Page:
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How I'm redesigning my blog

Personal projects are a great way to grow your skillset, learn new technologies and explore new ideas. I began my personal blog with that in mind, but also wanted to share what I learn. With that in mind, I wanted to try and document the process behind this new redesign.

I began this current redesign almost immediately after finishing my last redesign. My original plan was to launch a default Gatsby starter blog and then incrementally redesign it. That did not go as planned.

Difficulties with Gatsby conventions (like using the GraphQL data mesh layer and MDX weirdness) and a growing concern over build performance led me to eventually abandon the framework. I spent the next year or so trying out different tools and tweaking design decisions, until I landed on what you see here.

The Design

As I write this, the design and build out are not complete, but I’ve decided to launch what I have so far. Why? I have confidence that getting the design out into the real world will help me iterate on it quicker, and I can easily see which ideas have value and which do not. With that said, here are some highlights of the design.


I have always been a fan of the Swiss Style, so I knew I wanted to incorporate a strong grid with a grotesque typeface. The grid on the blog pages is based on the Golden Ratio, with the main block on wide displays being roughly 0.618 times the width of the full grid. The text blocks are limited in line length using ch units, which equal the width of a font’s 0 character.

Breaking with the Swiss Style, and as an homage to the cartoons that inspired this blog’s name, I wanted to include hand-drawn illustrations and decoration, just so the site itself didn’t end up feeling too cold or rigid.

Initial sketches of hand-drawn element ideas

My process has been sketching out ideas on paper first, then moving into Figma or Affinity Designer for high fidelity exploration. I’ve tried to move to designing in the browser as quickly as possible because that’s the medium the design will ultimately end up in. If I run into a design roadblock in the browser, I return to Figma or Affinity Designer and explore some more.

Design exploration in Figma


I love geometric typefaces, but they tend to be cold. Since I have hand-drawn elements, I wanted something with a bit more warmth. Rotunda filled the role perfectly, with a mix of geometric and humanistic forms. Oh, and I’m a sucker for double-story 'g’s and 'a’s.

Rotunda has humanistic forms as well as geometric alternates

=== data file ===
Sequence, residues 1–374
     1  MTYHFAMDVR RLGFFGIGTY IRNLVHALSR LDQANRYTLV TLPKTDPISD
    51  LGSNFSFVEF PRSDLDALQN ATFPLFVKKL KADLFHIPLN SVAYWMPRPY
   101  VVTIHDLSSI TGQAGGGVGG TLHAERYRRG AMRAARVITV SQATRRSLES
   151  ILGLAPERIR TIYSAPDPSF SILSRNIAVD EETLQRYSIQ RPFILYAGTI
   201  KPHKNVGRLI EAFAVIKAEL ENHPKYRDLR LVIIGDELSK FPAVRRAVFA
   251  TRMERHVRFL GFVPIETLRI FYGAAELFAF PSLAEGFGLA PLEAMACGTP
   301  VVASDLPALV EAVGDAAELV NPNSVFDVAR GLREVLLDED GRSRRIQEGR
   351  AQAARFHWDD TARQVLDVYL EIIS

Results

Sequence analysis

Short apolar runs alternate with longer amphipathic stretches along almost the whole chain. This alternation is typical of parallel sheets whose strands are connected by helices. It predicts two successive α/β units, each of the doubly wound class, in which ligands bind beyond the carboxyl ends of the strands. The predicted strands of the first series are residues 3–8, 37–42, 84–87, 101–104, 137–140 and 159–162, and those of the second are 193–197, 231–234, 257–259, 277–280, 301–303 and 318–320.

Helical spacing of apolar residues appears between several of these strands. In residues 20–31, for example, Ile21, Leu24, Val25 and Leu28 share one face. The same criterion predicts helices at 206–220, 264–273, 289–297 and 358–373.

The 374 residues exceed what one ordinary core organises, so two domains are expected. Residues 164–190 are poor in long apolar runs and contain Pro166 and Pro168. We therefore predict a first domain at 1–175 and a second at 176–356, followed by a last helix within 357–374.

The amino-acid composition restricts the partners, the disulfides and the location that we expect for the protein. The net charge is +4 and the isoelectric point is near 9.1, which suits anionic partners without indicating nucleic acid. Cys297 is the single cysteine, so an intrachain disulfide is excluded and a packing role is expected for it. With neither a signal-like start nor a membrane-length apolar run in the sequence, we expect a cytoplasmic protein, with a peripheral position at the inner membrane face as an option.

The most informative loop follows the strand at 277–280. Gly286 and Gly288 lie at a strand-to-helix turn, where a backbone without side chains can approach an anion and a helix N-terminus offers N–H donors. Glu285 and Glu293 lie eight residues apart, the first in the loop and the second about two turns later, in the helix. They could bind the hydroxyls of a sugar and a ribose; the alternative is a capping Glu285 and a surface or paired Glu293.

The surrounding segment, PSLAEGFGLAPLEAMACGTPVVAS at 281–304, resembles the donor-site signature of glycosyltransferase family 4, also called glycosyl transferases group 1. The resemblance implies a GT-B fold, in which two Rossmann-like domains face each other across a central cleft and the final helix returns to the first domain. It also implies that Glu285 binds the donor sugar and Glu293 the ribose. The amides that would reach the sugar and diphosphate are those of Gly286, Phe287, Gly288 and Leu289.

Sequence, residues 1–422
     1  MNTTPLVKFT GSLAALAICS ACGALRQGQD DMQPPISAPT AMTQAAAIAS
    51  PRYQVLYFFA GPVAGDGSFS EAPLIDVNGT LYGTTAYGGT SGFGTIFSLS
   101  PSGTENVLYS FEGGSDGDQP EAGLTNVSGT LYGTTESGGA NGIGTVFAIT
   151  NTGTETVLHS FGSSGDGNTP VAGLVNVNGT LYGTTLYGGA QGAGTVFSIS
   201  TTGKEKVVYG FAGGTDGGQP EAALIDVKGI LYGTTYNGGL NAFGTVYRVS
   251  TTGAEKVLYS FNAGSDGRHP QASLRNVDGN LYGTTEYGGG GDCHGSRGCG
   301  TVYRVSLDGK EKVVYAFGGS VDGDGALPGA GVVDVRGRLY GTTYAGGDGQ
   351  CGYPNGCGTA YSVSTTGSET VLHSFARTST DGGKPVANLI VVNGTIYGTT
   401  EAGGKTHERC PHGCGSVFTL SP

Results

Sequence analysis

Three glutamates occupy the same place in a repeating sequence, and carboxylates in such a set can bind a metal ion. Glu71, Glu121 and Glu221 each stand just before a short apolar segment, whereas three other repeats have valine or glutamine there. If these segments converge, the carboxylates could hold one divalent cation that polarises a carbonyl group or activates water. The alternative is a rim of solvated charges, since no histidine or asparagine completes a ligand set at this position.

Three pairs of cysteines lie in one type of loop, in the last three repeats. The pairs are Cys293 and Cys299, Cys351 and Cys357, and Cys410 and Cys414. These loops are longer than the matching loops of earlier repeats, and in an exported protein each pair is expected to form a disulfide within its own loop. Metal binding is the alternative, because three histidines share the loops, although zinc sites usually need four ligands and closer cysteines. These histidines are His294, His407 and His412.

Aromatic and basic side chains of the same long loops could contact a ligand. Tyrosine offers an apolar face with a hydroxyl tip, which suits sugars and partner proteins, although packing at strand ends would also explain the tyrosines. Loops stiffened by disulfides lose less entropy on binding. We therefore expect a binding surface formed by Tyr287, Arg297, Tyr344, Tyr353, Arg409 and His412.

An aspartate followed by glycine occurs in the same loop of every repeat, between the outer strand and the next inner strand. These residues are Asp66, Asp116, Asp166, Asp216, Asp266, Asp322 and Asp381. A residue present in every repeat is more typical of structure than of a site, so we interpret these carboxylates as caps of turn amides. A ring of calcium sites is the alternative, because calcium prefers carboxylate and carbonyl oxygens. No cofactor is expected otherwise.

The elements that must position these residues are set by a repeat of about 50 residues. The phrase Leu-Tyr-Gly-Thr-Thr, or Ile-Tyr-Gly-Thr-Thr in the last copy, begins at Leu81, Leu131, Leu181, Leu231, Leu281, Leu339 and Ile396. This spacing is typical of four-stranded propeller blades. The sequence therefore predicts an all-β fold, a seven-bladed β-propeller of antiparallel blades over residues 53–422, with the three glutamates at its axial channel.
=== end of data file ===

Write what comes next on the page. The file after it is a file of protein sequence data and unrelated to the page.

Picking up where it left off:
I’m using Rotunda almost exclusively for headings, and for the body copy I’m opting for a simple system font stack. I’m still weighing the cost/benefit of using Rotunda for body copy as well. I’m trying to be somewhat conservative with the page weight.

One element of this design I really like, heavily inspired by CSS-Tricks, is the animated gradient link hover style. The effect is achieved using an oversized background gradient clipped to the text with background-clip: text. The only thing that’s animated is the background-position.

There’s some box-decoration-break magic that makes sure the background style translates properly across line breaks, and -webkit-text-fill-color: transparent is needed to hide the text color.

See the Pen Gradient animation on hover by Ryan Boone (@falldowngoboone) on CodePen.

The Stack

Eleventy and Liquid Nunjucks

The new design is completely static and built with Eleventy. I’ve chosen Eleventy to replace my previous framework of Gatsby mainly because of Eleventy’s flexibility and ease of use. Eleventy is also a great deal faster than Gatsby, though my site is so small that I’ve barely noticed a difference when building.

My template language of choice is Liquid, which, to be honest, I’m rethinking. The syntax can be quite awkward at times (possibly because of its Ruby origins). For example, empty strings in Liquid are truthy values, as opposed to JavaScript, where they are falsy, so in cases where you can either have a falsy value or an empty string, you must check for both. This is something that could be solved with something like a custom filter, but it’s quite annoying, and certainly not the only quirk this template language has.

Update: Yeah, so, I’m not using Liquid anymore. The biggest reason is a practical one: the syntax highlighting and language support has been a constant pain to manage in VS Code. I’ve been using the Liquid VS Code extension, which I’ve had to completely disable due to an incident where it fried some source code at work (long story short, there’s a bug that causes it to encode certain tokens that unknowingly rewrote a large portion of some JSP templates). Even before that, it wasn’t that great of an extension. The author is supposedly rewriting it into a freemium extension called Liquify, but I’m not terribly interested.

To be honest, using Liquid at this point feels like swimming upstream. I’ve switched to Nunjucks, and already I feel less tension with my editor. I was able to convert everything over in an hour or so. I won’t tell you how long it took me to convert over to Liquid.

Modern CSS

CSS has been going through a layout renaissance over the past few years, and I have been keen to explore some Intrinsic Web Design techniques. In particular, I wanted to avoid screen width media queries as much as possible. And as I’m working toward that goal, I’ve been using this site to get better acquainted with CSS Grid.